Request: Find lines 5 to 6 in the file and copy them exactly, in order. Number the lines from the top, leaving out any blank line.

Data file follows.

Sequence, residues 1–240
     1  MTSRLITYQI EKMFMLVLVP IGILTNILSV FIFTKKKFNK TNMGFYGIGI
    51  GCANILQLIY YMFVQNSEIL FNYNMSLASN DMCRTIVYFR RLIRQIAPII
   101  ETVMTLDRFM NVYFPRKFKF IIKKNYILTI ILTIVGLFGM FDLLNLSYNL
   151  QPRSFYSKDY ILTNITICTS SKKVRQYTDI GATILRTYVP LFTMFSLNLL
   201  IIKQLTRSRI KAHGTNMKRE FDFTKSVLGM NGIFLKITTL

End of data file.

   151  QPRSFYSKDY ILTNITICTS SKKVRQYTDI GATILRTYVP LFTMFSLNLL
   201  IIKQLTRSRI KAHGTNMKRE FDFTKSVLGM NGIFLKITTL